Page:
Is More Meaningful Architecture Possible? A Reflection on Parrhasius’ Veil

One of my favorite parables is about two rival painters. It takes place in the first century, in Athens. Zeuxis and Parrhasius are each thought to be the greatest artist in the classical world. Yet, each is celebrated for very different reasons. Zeuxis is widely known for his consummate technical skill, while Parrhasius is known for his deep understanding of human nature. Eventually a duel is arranged to settle once and for all who is, in fact, the greater artist. When the day of the duel arrives, a large crowd gathers. Unabashedly, Zeuxis unveils a painting of grapes so realistic that birds began to swoop down from the sky and peck at them. The crowd cheers. And, confident of his victory, Zeuxis approaches Parrhasius’s painting to grab the veil covering it. Yet to everyone’s amazement, he touches only canvas. Parrhasius had in fact painted a veil. Bewildered, Zeuxis immediately admitted defeat.

The story of Parrhasius and his veil is memorable because it suggests the power and efficacy of an artist’s concern for the human being and human experience over technical novelty. Though Parrhasius must have painted with great skill to bluff Zeuxis so effectively, his work of art was not the painting itself. It was the human response. His work of art was not the physical paint and canvas, but Zeuxis reaching out to touch it. That experience is what created its meaning. That was the art. And that revelation, I think, is why Zeuxis so quickly admitted defeat.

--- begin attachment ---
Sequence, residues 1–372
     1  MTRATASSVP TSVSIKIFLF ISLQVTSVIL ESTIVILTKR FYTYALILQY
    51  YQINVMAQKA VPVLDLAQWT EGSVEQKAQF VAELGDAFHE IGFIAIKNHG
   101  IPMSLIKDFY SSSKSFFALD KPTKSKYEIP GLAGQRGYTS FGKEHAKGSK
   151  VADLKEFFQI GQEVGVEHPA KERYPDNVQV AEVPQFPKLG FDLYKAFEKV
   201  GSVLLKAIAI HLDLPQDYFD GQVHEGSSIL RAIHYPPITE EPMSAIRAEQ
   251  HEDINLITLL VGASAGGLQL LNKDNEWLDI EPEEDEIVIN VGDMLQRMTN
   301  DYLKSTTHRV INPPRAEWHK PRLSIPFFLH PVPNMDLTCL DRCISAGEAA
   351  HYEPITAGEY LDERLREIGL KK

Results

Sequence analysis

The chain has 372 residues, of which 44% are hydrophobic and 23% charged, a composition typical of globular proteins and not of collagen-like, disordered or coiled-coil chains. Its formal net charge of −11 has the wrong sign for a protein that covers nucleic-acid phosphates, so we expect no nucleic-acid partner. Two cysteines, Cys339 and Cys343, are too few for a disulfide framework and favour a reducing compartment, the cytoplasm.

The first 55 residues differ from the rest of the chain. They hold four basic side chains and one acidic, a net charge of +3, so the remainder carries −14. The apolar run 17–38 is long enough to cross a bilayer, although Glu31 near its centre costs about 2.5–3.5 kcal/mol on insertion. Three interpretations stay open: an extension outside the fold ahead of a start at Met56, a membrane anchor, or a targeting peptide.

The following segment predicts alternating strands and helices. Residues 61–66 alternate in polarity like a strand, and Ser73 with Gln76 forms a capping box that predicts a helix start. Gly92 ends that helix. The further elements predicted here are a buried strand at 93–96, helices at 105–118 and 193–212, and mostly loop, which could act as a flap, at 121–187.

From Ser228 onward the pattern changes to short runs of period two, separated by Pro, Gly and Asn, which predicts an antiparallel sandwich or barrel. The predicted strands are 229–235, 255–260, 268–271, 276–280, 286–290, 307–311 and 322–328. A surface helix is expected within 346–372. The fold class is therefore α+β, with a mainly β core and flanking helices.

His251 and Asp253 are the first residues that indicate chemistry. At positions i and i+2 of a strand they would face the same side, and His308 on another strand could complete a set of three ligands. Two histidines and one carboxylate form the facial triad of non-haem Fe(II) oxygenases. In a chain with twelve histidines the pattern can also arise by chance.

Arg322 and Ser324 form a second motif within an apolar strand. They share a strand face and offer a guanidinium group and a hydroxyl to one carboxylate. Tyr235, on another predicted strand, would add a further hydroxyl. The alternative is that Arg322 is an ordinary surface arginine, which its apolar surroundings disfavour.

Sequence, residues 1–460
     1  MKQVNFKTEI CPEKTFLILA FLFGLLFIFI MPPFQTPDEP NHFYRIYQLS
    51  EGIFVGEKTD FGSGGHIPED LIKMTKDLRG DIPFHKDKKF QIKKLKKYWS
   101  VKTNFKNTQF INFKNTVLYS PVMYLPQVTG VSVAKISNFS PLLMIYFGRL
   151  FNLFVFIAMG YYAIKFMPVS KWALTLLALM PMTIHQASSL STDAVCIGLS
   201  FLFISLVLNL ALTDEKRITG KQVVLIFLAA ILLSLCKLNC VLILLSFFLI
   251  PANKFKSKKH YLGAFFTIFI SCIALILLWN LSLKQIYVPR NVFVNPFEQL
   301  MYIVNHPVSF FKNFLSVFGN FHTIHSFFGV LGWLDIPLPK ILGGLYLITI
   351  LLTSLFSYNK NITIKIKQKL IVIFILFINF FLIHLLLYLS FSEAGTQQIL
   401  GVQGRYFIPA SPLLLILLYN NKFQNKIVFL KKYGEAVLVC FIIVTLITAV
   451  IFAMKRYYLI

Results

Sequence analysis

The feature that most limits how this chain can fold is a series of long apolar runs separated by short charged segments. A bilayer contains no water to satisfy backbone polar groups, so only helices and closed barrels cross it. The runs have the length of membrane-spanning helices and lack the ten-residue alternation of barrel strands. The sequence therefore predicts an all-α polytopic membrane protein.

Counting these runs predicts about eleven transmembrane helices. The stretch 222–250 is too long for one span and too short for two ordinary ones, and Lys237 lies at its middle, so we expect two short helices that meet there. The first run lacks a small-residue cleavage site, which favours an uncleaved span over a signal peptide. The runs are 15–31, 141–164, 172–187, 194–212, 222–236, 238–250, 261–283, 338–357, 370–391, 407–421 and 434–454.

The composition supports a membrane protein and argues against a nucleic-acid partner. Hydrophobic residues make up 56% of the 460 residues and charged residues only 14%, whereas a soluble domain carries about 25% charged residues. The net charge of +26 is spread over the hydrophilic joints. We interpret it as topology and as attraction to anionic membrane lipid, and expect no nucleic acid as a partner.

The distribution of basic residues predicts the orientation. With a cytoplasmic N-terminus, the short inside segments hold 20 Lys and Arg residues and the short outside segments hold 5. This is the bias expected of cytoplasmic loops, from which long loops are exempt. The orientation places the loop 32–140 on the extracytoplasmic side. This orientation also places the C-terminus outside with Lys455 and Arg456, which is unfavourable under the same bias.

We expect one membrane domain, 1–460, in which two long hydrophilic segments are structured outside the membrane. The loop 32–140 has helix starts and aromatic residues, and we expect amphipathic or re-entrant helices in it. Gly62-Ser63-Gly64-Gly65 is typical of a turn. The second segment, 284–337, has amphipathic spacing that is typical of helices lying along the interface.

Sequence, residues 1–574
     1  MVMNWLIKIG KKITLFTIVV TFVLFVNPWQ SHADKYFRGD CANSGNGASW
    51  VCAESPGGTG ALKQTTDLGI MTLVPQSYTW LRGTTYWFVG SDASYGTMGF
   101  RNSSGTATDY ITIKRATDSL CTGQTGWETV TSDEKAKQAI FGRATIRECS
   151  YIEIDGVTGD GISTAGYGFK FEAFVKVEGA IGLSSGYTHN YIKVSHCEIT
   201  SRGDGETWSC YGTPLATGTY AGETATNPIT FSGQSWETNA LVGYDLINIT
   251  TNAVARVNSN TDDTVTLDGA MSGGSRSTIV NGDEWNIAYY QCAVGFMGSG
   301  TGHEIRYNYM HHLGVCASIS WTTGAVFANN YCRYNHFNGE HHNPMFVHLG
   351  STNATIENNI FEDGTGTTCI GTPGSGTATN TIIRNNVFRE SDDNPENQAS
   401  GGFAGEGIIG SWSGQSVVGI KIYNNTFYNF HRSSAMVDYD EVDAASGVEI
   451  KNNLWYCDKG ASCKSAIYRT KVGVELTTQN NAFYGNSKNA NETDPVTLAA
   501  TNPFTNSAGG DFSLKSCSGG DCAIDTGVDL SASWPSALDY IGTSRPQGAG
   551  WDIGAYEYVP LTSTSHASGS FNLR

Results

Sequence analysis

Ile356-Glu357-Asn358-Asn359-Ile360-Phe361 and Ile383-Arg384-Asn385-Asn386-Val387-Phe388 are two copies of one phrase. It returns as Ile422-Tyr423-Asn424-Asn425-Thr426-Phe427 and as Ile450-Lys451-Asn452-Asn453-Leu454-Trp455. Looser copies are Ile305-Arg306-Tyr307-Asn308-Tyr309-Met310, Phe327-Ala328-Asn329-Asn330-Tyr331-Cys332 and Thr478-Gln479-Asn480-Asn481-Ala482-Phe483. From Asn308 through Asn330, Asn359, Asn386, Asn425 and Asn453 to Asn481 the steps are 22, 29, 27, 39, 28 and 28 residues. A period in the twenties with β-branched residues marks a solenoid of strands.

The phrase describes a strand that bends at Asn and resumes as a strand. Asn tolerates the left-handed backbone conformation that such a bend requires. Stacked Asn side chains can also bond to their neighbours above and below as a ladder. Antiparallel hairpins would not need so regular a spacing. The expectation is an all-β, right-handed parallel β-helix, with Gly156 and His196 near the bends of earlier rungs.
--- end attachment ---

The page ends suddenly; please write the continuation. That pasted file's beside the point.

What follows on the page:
There is a tendency for architects to believe that the buildings we design, like Zeuxis’s grapes, are an end to themselves. That they should capture people’s attention with their technical wizardry or formal novelty. That the spectacle of it all might somehow create meaning. Perhaps akin to looking through a kaleidoscope. You cannot help but be mesmerized by buildings like this, yet eventually realize beneath the surface there is little depth or substance. It is all rind, and no fruit.

The lesson Parrhasius offers is that more meaningful architecture is possible. And it does not begin with the fantasizing of spaces, but with a deeper awareness of human nature. Not with a formal imagination, but with an empathetic one. With an emotional intelligence, with ideas endorsed by feeling and lived experience. And an understanding of all the many human events and daily rituals of life (even the most mundane) that as a whole give richer meaning to our lives.

It is a way of thinking that requires constant discovery, to uncover not only the physical reality and history of a place, but also the multiplicity of people and experiences that might occupy it. Eventually, an architecture might emerge that is a more genuine expression of its inhabitants and its place. One that is not held together by its exterior figure, rather, by a rich and layered sequence of atmospheres. It is more meaningful and real, and like Parrhasius’s veil, that relies on each of us to reach out and experience it directly.